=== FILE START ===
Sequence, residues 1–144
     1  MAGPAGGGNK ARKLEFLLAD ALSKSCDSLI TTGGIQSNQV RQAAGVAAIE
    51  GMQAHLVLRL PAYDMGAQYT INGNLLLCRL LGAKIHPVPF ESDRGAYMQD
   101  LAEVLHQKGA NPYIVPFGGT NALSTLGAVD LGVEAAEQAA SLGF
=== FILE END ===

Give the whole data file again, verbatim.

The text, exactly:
Sequence, residues 1–144
     1  MAGPAGGGNK ARKLEFLLAD ALSKSCDSLI TTGGIQSNQV RQAAGVAAIE
    51  GMQAHLVLRL PAYDMGAQYT INGNLLLCRL LGAKIHPVPF ESDRGAYMQD
   101  LAEVLHQKGA NPYIVPFGGT NALSTLGAVD LGVEAAEQAA SLGF